Who introduced the Private Finance Initiative in the UK? What was the first public facility to be built under this funding model?
All these questions, and many others, are answered in a timeline that will guide you through the 23-year-long history of PFI in the UK.
or on the image above to access the full interactive timeline with videos of speeches and original documents. Click here
Alternatively, you can find the content of the timeline below in written form.
Continue reading The history of Private Finance Initiative in the UK – a timeline
East London’s Barts Health, the largest NHS Trust in the country, is facing a terrible crisis.
Crippled by an ever-growing deficit, now estimated at £93m,
it was put into special measures last month following a damning CQC report.
Local campaigning group People vs Barts PFI blames the 40-year Private Finance Initiative contract the Trust has signed for the construction and maintenance of the Royal London Hospital in Whitechapel.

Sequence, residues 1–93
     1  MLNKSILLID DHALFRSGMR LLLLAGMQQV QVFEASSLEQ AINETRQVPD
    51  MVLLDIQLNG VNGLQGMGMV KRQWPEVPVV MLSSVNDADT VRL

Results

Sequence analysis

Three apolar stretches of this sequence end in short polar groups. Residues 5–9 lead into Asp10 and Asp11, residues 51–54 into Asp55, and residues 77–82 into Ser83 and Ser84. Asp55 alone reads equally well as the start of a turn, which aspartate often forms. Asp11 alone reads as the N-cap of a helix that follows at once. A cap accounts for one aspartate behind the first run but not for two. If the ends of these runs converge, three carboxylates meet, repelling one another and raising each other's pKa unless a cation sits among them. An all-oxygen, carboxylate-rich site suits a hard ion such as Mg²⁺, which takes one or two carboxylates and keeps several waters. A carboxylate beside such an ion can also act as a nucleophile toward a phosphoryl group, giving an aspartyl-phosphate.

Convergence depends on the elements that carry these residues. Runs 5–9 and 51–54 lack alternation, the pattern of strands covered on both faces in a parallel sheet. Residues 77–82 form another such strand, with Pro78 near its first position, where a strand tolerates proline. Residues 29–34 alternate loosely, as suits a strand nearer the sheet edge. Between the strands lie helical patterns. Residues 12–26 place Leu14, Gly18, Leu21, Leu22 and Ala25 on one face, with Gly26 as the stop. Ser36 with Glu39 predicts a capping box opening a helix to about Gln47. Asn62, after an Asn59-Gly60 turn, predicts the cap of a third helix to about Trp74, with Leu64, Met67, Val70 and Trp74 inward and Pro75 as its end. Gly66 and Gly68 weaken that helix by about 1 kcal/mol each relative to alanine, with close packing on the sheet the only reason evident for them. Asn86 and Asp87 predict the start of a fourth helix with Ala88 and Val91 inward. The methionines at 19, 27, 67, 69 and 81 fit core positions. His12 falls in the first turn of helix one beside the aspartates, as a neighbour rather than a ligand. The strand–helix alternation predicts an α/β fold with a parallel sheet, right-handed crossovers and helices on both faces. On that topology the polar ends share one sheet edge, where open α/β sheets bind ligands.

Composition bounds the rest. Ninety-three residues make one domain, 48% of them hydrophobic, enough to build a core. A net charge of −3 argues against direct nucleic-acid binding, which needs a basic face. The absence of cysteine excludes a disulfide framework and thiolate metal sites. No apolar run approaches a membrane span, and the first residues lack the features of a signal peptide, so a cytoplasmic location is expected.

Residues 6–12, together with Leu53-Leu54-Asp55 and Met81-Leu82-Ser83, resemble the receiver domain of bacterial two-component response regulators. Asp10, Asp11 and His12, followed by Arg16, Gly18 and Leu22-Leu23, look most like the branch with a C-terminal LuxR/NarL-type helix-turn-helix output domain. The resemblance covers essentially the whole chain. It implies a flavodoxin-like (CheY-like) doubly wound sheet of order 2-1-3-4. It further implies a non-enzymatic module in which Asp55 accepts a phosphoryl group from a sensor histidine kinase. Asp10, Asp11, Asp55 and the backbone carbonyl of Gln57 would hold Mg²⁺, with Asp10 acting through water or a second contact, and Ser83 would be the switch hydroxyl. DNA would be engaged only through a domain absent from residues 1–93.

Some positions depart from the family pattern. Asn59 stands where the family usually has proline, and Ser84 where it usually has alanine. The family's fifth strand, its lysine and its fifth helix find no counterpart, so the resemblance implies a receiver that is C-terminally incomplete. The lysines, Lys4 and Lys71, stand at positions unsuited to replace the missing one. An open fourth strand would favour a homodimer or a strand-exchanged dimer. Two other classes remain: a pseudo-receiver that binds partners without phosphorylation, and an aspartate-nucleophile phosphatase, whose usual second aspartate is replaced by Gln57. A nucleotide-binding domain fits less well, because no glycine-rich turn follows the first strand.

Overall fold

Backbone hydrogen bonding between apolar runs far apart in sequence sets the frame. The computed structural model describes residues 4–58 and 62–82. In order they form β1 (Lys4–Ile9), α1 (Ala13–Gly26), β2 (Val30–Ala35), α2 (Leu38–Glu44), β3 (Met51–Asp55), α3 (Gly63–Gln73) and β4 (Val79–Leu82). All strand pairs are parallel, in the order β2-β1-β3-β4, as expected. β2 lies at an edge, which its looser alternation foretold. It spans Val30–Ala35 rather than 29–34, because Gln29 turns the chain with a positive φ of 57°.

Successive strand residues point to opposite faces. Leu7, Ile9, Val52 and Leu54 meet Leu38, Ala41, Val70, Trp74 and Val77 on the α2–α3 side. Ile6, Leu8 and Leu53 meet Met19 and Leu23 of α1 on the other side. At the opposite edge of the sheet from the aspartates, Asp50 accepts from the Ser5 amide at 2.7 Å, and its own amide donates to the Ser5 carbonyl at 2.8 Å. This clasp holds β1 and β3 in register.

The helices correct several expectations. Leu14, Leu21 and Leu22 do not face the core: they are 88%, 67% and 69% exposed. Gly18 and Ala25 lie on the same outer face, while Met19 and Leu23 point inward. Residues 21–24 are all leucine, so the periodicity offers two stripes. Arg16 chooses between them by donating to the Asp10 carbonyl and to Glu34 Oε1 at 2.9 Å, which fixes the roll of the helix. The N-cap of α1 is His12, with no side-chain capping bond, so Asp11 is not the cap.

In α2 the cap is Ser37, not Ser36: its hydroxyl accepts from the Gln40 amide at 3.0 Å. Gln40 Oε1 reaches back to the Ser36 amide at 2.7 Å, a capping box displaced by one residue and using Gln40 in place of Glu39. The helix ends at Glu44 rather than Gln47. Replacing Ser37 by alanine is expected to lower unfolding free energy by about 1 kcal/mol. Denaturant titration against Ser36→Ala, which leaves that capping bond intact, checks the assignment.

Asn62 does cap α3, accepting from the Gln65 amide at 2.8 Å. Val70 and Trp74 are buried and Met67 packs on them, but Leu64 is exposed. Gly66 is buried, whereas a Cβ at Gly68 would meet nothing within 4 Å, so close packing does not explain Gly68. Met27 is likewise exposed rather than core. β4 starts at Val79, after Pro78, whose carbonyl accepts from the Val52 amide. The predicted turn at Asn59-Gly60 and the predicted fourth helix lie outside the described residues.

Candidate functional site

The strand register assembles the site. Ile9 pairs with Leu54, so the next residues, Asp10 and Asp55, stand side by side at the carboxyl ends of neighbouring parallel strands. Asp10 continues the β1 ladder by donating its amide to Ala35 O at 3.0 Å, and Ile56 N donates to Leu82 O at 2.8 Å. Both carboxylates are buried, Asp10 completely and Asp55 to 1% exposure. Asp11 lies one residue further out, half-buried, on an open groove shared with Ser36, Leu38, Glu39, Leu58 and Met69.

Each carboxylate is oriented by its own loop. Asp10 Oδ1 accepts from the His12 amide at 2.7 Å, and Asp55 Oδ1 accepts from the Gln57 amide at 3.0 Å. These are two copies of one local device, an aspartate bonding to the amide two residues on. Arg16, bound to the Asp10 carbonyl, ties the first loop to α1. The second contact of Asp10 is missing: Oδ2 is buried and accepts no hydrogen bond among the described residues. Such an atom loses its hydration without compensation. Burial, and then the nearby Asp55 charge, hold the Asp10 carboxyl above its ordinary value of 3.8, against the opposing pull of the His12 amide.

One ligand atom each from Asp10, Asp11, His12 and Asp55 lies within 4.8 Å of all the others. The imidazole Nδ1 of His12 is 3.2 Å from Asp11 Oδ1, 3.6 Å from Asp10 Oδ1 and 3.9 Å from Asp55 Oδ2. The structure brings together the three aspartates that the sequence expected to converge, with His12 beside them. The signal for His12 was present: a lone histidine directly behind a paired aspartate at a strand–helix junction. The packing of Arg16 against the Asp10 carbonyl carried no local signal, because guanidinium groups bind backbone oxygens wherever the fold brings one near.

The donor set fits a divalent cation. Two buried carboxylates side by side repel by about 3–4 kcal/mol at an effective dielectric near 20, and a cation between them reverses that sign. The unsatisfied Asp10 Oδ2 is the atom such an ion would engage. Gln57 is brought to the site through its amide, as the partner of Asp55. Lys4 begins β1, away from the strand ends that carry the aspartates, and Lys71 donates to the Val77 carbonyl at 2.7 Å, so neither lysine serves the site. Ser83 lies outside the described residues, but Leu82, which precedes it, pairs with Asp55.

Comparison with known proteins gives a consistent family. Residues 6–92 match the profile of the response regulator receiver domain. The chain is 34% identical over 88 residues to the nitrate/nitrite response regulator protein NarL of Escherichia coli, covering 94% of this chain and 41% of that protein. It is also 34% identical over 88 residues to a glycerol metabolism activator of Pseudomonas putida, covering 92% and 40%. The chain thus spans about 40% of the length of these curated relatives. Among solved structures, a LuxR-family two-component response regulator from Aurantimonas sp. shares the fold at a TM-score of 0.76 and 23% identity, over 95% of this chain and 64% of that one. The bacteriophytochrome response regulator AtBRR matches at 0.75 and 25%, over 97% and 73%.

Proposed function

Aiming to raise awareness about the scale of the problem, today they are taking an open top bus round East London stopping by a series of PFI locations.
this link or on the image to follow our live coverage:
For more background on the crisis of Barts Health NHS Trust read our interview with local campaigners Helen Mercer and Mary Burnett:
The Myatts Field North estate in Lambeth, South London, before the regeneration process started in May 2012. Photo by: Michael Keane / Flickr
Myatts Field North was meant to be one of London’s success stories as far as regeneration projects go.
“An outdated housing estate” riddled with crime would be remodeled into a “more open, greener and welcoming environment”, Lambeth council put it in 2012.
The old blocks would be demolished to make way for 808 new residential units, while a further 172 existing houses would be refurbished to a modern standard.
All thanks to a £150m Private Finance Initiative (PFI) contract the Lambeth council had entered with a private consortium led by Regenter.
Two years into the construction programme, however, a rather different picture is emerging.